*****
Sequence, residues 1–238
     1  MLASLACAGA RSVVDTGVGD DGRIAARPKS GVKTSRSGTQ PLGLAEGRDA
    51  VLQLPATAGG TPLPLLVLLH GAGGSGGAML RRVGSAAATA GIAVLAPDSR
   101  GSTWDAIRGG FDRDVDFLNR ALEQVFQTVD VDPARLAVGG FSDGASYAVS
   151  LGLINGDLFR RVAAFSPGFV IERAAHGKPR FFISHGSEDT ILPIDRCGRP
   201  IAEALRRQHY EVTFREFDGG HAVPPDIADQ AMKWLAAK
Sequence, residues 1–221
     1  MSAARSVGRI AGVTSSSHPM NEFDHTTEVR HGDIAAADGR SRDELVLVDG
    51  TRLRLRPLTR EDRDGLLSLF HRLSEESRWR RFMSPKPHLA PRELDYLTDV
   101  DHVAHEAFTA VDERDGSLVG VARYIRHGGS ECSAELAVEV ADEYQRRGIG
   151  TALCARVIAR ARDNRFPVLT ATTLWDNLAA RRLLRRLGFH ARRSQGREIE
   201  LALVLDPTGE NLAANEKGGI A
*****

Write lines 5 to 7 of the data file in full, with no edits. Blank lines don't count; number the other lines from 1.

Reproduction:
   151  LGLINGDLFR RVAAFSPGFV IERAAHGKPR FFISHGSEDT ILPIDRCGRP
   201  IAEALRRQHY EVTFREFDGG HAVPPDIADQ AMKWLAAK
Sequence, residues 1–221